A potent AHA/BHA acid blend resurfaces dull skin while extracts like horse chestnut and antioxidants provide added benefits. But the $90 price tag gives pause.

Le Labo Santal 33 Eau de Parfum

This luxury fragrance balances musky wood and spices with bright floral and leather notes. Fans call it “addictive,” but you’ll pay up to $290 for the largest size.

How Cult Beauty Compares

As an established online destination for hard-to-find beauty buys, Cult Beauty attracts comparisons to similar retailers like LookFantastic. While both sites offer extensive cosmetics inventories, a few differences stand out:

  • Cult Beauty emphasizes exclusive and upscale brands
  • LookFantastic incorporates more drugstore options
  • LookFantastic offers beauty boxes and loyalty perks
  • Cult Beauty provides higher-end free samples

For shoppers focused purely on premium products, Cult Beauty owns bragging rights. But those wanting more choice across price points may prefer LookFantastic.

The Verdict: Is Cult Beauty Worth It?

There’s no denying the superior selection when you shop Cult Beauty‘s meticulously curated inventory. Skincare addicts, makeup maximalists and fragrance fanatics alike will feel giddy browsing the site.

Just brace yourself for lackluster customer service should any order issues arise. And moderate your expectations about scoring bargains, as discounts prove infrequent.

Overall, Cult Beauty deserves its spot as a premier online retailer catering to discerning beauty lovers. But I recommend placing small test orders first before investing heavily, especially for international shoppers facing pricier shipping.

Have you ordered from Cult Beauty? Let me know your thoughts in the comments!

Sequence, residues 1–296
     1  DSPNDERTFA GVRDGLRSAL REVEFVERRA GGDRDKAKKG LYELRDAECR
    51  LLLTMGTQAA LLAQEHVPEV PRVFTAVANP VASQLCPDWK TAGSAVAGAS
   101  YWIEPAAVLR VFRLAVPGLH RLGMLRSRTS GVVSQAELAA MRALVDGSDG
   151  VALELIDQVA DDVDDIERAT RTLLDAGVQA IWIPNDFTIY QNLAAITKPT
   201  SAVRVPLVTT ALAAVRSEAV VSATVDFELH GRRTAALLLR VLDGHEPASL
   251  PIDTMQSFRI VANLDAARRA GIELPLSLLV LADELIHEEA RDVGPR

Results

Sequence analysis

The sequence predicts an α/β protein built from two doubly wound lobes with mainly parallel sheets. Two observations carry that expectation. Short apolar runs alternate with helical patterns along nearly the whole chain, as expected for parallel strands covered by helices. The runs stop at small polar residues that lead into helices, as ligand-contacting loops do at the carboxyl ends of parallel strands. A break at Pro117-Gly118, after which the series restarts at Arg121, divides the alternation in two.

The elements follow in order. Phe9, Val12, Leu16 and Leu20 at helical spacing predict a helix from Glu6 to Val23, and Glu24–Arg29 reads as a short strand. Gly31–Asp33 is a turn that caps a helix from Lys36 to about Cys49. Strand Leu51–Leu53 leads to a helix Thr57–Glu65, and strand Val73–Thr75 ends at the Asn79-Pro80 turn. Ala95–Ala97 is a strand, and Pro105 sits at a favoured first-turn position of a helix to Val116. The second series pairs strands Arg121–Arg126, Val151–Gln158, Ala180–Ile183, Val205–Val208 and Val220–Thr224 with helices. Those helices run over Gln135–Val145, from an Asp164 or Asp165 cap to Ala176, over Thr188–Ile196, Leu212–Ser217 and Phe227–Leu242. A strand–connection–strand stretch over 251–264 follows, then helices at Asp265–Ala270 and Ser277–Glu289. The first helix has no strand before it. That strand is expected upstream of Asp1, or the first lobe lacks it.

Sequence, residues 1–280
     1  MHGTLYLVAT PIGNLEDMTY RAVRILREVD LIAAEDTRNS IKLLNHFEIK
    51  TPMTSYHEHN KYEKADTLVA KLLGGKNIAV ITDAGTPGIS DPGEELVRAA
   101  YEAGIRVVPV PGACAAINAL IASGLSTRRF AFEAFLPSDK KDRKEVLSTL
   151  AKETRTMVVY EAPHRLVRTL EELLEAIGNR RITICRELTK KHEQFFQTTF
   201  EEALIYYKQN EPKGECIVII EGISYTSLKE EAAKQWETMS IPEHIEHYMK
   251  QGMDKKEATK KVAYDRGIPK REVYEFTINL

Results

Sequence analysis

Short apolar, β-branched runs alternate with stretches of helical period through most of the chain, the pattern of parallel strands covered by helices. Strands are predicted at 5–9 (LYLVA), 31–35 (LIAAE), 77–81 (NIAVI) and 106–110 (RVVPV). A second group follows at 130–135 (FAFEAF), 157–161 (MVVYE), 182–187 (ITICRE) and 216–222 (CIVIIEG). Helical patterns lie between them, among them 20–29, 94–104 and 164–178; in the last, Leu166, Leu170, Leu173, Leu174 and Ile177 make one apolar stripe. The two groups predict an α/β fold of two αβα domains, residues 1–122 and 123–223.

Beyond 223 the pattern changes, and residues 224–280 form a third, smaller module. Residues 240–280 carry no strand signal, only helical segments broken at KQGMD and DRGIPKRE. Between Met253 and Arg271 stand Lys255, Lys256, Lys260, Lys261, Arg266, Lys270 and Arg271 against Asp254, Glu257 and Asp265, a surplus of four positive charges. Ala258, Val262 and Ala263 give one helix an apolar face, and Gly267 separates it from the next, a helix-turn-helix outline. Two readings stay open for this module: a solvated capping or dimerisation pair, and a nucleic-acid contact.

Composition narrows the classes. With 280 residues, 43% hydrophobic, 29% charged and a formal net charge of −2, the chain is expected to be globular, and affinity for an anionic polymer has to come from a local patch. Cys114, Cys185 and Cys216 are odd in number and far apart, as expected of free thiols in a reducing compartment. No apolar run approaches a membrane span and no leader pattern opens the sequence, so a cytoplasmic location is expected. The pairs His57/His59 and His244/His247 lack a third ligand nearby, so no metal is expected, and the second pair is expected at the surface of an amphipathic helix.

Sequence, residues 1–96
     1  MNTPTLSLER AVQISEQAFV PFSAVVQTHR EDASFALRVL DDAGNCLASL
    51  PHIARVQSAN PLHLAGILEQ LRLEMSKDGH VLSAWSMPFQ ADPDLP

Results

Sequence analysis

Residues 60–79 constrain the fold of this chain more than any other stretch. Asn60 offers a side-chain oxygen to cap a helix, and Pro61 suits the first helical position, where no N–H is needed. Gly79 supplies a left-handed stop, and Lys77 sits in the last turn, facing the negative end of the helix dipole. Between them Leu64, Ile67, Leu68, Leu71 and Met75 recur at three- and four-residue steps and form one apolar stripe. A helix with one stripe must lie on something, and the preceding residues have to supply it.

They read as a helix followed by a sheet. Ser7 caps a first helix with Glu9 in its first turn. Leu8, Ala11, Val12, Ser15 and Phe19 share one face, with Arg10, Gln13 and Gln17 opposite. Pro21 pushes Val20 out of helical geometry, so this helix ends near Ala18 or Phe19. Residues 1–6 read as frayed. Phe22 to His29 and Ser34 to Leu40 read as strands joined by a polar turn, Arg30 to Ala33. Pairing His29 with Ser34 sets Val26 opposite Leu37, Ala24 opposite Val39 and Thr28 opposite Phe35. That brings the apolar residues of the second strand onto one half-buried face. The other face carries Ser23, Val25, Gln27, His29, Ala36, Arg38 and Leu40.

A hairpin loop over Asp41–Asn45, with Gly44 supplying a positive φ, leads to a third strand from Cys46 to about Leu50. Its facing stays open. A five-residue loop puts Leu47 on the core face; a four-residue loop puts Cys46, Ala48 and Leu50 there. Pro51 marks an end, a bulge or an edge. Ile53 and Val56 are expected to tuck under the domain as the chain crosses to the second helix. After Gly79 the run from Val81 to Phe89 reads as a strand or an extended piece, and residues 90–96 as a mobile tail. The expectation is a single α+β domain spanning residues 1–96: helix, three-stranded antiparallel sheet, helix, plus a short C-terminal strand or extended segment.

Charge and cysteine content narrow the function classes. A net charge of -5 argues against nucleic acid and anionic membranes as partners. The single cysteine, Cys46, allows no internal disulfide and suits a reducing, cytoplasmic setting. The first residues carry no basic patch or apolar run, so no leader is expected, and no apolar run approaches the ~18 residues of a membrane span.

How to Buy

Ready to shop? Visit to explore the retailer’s full range showcasing coveted skincare, makeup and hair brands. Use code NEWBIE10 for 10% off first orders over £50.


Get answers to the most commonly asked questions about Cult Beauty below:

Who owns Cult Beauty?
Originally founded by Jessica DeLuca and Alexia Inge, The Hut Group acquired Cult Beauty in 2021.

Where is Cult Beauty located?
Though now owned by the Manchester, UK-based Hut Group, Cult Beauty retains headquarters in London, England.

What is Cult Beauty‘s shipping policy?
Cult Beauty ships free to a dozen countries including the UK, US, Canada and Australia with no order minimums. Tracked international delivery typically requires 5-10 days.

Can I return Cult Beauty orders?
Yes, returns are accepted within 30 days in new condition. But you must cover return shipping costs outside the UK.

The Last Word

While Cult Beauty isn’t perfect, the impressive brand portfolio and focus on ingredient-conscious formulas keep me coming back. For beauty fanatics craving new product discoveries, it satisfies the urge to explore emerging labels and trends.

Have you ordered from Cult Beauty before? I‘d love to hear your experiences shopping this retailer in the comments below!